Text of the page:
Ranking the Los Angeles Lakers Roster with LeBron James

Kelly Scaletta@@KellyScalettaFeatured ColumnistJuly 2, 2018

Ranking the Los Angeles Lakers Roster with LeBron James

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    Carlos Osorio/Associated Press

    LeBron James is a Los Angeles Laker, and the Lakers are back on the NBA map because of it.

    James has agreed to a four-year, $153.3 million contract, according to Adrian Wojnarowski of ESPN.com. The Lakers were not done, however. They immediately concocted a personality cocktail the likes of which the world has never seen, reaching terms with Lance Stephenson, JaVale McGee and Kentavious Caldwell-Pope shortly after James' announcement, per Chris Haynes of ESPN.com.

    There are still some decisions to make, such as whether to retain Julius Randle and whether Brook Lopez will agree to take the league minimum to come back, but the framework of the Lakers is in place.

    It's worth mentioning that Kawhi Leonard could join by trade at any moment and that Randle remains a restricted free agent for the Lakers. Neither is a Laker at present, though, and therefore they are not included on our list.

    Let's rank the Lakers roster as it exists.  

Out of the Rotation

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    Ron Jenkins/Associated Press

    Not Ranked: Two-Way Contracts—Alex Caruso, G and Malik Newman, G

    Caruso played 37 games for the Lakers last season, averaging 3.6 points and 15.2 minutes. He spent the rest of his time in the G League.

    Newman is an undrafted rookie who ranked 48th on ESPN.com's draft board (which made him the highest-ranked undrafted player).

    Neither is likely to get much time on a team that is looking to contend for a title.


    12. Moritz Wagner, C

    Wagner is the Lakers' first-round pick this year, taken with the Cavaliers' pick at No. 25. He might get some playing time, as the thinnest position at the moment is center, but head coach Luke Walton is unlikely to invest a lot of playing time in untested players.


    11. Luol Deng, F

    Deng presents an interesting case in that the addition of James could reignite his career. Other aging wings with high character, such as Jeff Green and James Jones, have become trusted sidekicks to the King. Deng could fill that role.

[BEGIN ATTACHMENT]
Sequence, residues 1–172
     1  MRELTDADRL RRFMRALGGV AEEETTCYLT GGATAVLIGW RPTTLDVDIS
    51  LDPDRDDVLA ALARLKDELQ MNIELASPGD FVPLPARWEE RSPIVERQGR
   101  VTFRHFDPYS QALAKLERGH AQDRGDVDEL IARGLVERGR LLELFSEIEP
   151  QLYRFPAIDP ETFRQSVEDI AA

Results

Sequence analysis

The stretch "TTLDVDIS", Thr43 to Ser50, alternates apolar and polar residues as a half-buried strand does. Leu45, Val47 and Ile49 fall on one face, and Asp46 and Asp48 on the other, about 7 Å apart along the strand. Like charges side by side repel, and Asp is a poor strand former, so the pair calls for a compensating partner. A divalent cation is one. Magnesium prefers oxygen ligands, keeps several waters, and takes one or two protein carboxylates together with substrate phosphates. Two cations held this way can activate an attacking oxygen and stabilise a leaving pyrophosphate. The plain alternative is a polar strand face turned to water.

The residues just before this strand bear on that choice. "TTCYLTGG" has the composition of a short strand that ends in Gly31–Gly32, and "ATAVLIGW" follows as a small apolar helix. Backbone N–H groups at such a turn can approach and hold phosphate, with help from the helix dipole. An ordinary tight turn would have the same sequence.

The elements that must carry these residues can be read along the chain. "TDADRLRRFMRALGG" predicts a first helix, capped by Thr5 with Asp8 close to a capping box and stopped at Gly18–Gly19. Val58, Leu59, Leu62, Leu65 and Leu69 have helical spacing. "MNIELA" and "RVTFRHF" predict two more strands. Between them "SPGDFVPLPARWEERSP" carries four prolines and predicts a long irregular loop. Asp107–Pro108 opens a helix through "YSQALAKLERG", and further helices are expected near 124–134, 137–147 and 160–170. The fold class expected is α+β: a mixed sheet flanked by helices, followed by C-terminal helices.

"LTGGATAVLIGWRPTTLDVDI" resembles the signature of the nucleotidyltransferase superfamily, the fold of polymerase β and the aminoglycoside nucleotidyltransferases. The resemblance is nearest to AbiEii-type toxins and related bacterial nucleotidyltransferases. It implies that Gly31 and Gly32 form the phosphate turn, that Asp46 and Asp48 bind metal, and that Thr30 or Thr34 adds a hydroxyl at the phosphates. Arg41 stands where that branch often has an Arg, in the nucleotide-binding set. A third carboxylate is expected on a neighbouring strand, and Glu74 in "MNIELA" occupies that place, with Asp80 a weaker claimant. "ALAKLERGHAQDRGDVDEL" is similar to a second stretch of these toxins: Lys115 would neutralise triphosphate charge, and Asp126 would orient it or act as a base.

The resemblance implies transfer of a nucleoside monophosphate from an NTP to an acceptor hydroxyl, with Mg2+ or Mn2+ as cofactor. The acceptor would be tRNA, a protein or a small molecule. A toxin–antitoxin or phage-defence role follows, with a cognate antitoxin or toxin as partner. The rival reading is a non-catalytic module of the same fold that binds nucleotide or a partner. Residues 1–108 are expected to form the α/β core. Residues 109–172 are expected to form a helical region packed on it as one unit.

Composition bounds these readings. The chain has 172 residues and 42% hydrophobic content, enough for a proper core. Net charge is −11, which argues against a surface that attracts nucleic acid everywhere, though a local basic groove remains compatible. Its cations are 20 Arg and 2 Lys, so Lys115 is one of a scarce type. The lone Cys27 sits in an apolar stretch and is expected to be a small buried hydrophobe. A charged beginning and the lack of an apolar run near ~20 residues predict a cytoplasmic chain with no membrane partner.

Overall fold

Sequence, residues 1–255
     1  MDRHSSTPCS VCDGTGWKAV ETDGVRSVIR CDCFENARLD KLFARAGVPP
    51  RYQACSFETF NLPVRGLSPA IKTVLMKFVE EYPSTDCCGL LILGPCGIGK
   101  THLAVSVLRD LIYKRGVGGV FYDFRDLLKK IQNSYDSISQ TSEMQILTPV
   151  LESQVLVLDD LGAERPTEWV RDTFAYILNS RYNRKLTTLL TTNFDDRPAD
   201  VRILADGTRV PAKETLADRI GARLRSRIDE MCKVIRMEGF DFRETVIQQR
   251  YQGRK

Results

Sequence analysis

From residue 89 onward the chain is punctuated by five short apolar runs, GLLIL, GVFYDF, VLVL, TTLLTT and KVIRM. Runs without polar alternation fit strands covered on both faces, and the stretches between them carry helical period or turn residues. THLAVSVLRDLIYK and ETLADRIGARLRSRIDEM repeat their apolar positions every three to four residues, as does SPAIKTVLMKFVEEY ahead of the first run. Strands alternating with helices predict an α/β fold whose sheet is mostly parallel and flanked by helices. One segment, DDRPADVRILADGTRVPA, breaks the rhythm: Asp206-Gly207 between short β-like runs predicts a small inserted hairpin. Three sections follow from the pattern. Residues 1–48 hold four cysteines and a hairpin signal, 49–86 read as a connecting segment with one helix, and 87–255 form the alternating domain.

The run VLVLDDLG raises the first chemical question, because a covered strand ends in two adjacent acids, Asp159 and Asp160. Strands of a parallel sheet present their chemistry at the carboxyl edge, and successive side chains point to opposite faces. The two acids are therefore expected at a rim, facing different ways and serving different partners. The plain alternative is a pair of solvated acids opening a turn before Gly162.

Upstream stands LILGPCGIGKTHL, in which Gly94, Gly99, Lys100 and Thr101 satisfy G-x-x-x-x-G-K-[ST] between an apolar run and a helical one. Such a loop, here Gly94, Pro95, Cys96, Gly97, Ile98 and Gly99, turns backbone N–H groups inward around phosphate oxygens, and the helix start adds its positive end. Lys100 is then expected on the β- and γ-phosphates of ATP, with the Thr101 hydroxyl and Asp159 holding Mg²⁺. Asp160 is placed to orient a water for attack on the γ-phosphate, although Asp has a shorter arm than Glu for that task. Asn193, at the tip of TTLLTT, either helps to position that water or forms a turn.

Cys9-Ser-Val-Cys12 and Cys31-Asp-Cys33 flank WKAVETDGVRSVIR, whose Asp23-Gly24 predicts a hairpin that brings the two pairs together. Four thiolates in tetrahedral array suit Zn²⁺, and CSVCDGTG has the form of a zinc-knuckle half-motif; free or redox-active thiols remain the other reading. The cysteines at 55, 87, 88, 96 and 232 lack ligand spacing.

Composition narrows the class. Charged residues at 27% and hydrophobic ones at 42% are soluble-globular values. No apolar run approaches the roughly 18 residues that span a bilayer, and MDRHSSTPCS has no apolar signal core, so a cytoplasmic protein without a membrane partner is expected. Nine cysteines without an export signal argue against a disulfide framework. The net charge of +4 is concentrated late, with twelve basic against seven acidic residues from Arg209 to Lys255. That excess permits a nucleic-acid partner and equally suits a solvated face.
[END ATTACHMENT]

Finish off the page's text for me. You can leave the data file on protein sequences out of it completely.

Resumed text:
In the Rotation

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    Reed Saxon/Associated Press

    10. Lance Stephenson, G-F

    Stephenson has agreed to a one-year, $.4.5 million deal, according to Haynes. He's a high-risk, high-reward player who has a lot to offer if he can keep his volatile personality in check. He's competent at everything except shooting. The only problem is he's never worked out anywhere other than with the Indiana Pacers.


    9. Ivica Zubac, C

    Zubac may have taken a step back last year, as his numbers fell across the board. The Lakers have already brought JaVale McGee on board and are in talks with Nerlens Noel, per Shams Charania of Yahoo Sports. As well, RealGM's Keith Smith reports that Brook Lopez is "a good bet to return." That doesn't signal a lot of confidence in the third-year center, but for now, Zubac is the second-best option they have at the 5.


    8. Josh Hart, G

    Hart is one of two Lakers who outplayed his draft position last season. Although he averaged only 7.9 points, he's the best pure shooter the Lakers have, as he drained 39.6 percent of his shots from deep on 3.1 attempts per game last season. Playing next to LeBron is only going to give him more open looks. While Hart is a good shooter, he also plays smart and aggressive defense. Look for him to fill the Kyle Korver role on the new-look Lakers.


    7. Kyle Kuzma, F

    Kuzma arguably had the league's third-best rookie season last year, even if he was only drafted 27th. He knocked down 16.1 points per game with a 52.7 effective field-goal percentage. As things stand, he'll be the best player the Lakers have coming off the bench. He does have some defensive issues; his minus-1.54 Defensive Real Plus-Minus was 80th out of 88 power forwards. That is easier to look from a sixth-man role.